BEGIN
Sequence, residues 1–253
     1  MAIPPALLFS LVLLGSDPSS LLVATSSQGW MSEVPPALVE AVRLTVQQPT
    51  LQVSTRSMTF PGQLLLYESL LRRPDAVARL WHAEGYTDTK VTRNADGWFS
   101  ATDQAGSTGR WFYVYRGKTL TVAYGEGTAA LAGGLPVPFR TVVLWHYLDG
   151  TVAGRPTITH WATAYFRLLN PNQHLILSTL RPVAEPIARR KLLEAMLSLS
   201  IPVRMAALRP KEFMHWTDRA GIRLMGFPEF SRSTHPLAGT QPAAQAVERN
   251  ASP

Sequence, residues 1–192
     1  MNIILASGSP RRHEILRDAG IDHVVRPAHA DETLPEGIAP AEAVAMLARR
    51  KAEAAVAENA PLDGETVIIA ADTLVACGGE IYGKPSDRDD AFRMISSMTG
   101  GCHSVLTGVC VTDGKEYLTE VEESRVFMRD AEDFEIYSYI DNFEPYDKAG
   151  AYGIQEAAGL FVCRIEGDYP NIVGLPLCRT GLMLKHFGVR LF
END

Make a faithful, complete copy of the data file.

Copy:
Sequence, residues 1–253
     1  MAIPPALLFS LVLLGSDPSS LLVATSSQGW MSEVPPALVE AVRLTVQQPT
    51  LQVSTRSMTF PGQLLLYESL LRRPDAVARL WHAEGYTDTK VTRNADGWFS
   101  ATDQAGSTGR WFYVYRGKTL TVAYGEGTAA LAGGLPVPFR TVVLWHYLDG
   151  TVAGRPTITH WATAYFRLLN PNQHLILSTL RPVAEPIARR KLLEAMLSLS
   201  IPVRMAALRP KEFMHWTDRA GIRLMGFPEF SRSTHPLAGT QPAAQAVERN
   251  ASP

Sequence, residues 1–192
     1  MNIILASGSP RRHEILRDAG IDHVVRPAHA DETLPEGIAP AEAVAMLARR
    51  KAEAAVAENA PLDGETVIIA ADTLVACGGE IYGKPSDRDD AFRMISSMTG
   101  GCHSVLTGVC VTDGKEYLTE VEESRVFMRD AEDFEIYSYI DNFEPYDKAG
   151  AYGIQEAAGL FVCRIEGDYP NIVGLPLCRT GLMLKHFGVR LF